Hiilave waterfall is very tall, nearly vertical waterfall. It has smaller upper drop and giant, 366 m tall lower drop.
Thanks to the fertile soil and almost never ending rain the walls and bed of Waipio Valley are covered with rainforest thus making the scenery even more beautiful. Unfortunately for most part of the year the valley is hidden in clouds and fog.
Near Hiilawe waterfall is another, much smaller waterfall – Hakaloa Falls – which for most time is dry.
In order to access the base of falls one should cross private property. This is allowed only with guides who have appropriate permission.
Man made changes
Local sugar company changed the local hydrography in 1989. There was made a ditch which diverted the stream of Hakaloa Falls to Hiilawe Falls. Unfortunately due to dams the stream of both former falls became weaker and as a result now Hakaloa Falls are dry for most part of the year and Hiilawe Falls also seem to be weaker than before. Nowadays these dams and ditches seem to be less needed but no one thus far has restored the original situation.
Most places in Hawaii have their own legends but Waipio Valley in this respect is a special place. It is known also as the Valley of the Kings – here was raised King Kamehameha I and other local kings before him. During the times of Kamehameha this valley was declared to be a place with special spiritual power. According to local beliefs, people who live in this valley will not experience bad events during their life.
Nevertheless according to local legends the waterfall was created through bad events. Once upon a time a young couple – Hiilawe and Kakalaoa were hiding in this valley from god Lono who wanted to separate them during his search for Hiilave – his intended bride. Young people decided that they will stay together forever: Hiilawe turned into a giant waterfall but Kakaloa – into an enormous boulder next to the base of falls. Hiilave is permanently weeping its tears on Kakaloa.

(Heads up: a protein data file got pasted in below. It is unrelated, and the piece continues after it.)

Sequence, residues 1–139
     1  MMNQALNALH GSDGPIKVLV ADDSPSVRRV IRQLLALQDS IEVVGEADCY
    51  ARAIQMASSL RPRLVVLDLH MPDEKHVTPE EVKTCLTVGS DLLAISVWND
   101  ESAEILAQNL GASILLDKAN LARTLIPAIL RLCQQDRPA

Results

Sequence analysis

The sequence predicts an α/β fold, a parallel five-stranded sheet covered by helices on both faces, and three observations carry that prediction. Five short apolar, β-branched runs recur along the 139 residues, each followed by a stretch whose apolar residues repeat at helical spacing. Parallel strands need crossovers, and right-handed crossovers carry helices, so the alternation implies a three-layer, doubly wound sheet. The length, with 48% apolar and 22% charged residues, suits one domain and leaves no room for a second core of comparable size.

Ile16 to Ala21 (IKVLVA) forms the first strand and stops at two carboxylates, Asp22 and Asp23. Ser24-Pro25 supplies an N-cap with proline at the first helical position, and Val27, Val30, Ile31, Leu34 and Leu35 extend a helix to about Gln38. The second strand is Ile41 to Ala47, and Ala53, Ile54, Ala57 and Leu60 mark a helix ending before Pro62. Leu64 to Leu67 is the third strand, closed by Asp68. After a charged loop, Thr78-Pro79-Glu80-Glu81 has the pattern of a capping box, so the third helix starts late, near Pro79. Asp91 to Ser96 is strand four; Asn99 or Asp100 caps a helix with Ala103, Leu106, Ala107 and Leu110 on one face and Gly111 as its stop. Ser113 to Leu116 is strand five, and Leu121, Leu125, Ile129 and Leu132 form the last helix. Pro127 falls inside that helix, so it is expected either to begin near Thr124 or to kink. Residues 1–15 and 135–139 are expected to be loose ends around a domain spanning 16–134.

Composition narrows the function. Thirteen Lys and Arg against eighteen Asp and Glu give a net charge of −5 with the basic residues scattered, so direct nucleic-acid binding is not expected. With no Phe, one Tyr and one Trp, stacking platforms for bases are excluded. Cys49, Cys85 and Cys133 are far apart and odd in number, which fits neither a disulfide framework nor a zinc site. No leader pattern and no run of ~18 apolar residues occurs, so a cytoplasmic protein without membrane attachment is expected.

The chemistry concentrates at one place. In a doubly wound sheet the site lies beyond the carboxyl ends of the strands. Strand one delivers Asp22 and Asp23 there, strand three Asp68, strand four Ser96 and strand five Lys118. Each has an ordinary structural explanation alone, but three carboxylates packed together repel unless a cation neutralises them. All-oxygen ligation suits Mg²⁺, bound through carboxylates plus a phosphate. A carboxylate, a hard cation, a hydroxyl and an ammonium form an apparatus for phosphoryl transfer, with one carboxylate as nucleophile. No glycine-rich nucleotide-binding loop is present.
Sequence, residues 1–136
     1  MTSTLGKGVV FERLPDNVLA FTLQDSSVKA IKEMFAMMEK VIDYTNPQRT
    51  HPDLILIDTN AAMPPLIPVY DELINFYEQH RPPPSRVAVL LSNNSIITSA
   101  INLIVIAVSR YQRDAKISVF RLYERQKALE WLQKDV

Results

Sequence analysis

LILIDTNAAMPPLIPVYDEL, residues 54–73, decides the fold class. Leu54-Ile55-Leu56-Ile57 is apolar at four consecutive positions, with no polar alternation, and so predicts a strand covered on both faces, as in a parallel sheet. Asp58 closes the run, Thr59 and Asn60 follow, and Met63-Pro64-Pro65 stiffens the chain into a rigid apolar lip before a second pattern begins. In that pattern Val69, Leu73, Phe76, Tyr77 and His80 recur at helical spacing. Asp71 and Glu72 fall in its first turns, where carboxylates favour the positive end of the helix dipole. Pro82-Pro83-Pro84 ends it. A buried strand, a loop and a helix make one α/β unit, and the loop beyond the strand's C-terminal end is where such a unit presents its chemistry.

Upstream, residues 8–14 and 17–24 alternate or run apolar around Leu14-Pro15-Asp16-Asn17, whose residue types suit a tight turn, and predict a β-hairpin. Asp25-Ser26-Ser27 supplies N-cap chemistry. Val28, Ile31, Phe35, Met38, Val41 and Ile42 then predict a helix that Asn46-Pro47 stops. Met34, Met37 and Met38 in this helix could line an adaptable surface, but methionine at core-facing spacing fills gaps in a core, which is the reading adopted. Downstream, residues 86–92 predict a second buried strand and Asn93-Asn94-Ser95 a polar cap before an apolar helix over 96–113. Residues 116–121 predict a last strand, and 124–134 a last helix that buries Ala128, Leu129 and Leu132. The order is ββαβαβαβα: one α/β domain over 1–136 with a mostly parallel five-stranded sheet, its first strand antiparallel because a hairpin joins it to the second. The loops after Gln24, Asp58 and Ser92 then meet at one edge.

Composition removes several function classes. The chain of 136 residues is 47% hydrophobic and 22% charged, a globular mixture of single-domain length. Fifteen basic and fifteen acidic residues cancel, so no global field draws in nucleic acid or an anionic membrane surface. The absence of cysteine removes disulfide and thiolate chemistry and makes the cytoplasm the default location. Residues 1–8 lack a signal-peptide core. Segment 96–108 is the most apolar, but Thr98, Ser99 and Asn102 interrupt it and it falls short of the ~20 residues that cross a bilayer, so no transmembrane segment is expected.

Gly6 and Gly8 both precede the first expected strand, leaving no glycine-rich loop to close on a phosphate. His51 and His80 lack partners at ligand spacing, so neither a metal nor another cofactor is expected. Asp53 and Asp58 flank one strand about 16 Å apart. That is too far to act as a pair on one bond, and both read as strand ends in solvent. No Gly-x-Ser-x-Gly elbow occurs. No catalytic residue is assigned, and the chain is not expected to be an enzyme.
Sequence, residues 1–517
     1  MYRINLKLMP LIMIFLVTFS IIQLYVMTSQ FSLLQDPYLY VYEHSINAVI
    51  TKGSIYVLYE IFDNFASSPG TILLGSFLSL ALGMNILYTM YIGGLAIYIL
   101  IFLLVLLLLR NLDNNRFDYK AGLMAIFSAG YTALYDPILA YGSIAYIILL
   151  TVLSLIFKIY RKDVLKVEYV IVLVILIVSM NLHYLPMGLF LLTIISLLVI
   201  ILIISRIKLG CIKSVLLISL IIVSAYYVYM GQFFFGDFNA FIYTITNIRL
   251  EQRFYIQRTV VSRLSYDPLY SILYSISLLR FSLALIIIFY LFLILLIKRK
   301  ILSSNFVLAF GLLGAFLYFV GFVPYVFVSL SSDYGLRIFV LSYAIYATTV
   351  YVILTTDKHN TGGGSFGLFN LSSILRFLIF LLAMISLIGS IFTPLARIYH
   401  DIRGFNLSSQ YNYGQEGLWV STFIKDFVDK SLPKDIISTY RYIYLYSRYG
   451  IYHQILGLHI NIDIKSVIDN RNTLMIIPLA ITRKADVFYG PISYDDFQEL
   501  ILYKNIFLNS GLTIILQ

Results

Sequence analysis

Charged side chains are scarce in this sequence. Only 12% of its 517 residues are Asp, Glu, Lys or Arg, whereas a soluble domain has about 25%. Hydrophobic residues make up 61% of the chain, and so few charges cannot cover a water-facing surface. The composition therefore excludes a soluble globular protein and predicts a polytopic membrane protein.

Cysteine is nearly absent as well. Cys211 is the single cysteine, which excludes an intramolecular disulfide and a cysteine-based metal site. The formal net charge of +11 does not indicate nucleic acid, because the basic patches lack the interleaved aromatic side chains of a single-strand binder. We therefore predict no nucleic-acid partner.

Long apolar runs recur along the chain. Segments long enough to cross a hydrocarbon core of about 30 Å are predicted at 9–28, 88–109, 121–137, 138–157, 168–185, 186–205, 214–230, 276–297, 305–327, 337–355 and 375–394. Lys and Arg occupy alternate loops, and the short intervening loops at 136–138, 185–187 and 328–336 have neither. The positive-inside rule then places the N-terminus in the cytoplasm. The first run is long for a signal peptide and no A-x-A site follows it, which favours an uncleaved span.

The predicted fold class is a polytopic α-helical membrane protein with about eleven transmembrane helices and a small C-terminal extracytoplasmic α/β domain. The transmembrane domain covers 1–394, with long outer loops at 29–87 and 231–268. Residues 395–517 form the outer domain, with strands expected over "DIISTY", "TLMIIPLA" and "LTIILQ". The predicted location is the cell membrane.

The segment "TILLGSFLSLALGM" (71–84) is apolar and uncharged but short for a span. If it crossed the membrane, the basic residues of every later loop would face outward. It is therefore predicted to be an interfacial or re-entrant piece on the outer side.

Another legend tells that the name of the waterfall is taken from the name of local chief Hiilawe. As Hiilawe was dying, his body turned into a large boulder but his spirit was turned into the waterfall and its mist. The mist keeps an eye on the people living in Waipio Valley.
Well, there are other creepy legends – for example about night marchers – ghosts of ancient warriors marching through the valley in some nights. That’s how it is in Hawaii – a land of legends.
Hiilave Falls are included in the following list:
Hiilawe Waterfall on the map
|Location, GPS coordinates:||20.0964 N 155.5962 W|
|Rating:||(4 / 5)|
|Where is located?||Oceania, United States, Hawaii, near the north-eastern coast (Kohala Coast) of Hawaii Big Island, in Waipio Valley|
|Alternate names:||Hi’ilawe Falls|
|Highest drop:||366 m|
|Width:||˜ 15 m|
This informative and easy-to-follow guidebook makes the ancient sites of Maui, Molokai and Lanai available to the general public for the first time. Grouping th sites by location, the book characterizes the cultural background of five main types of sites: heiau (temples), pohaku (sacred stones), petroglyphs, caves and fishponds.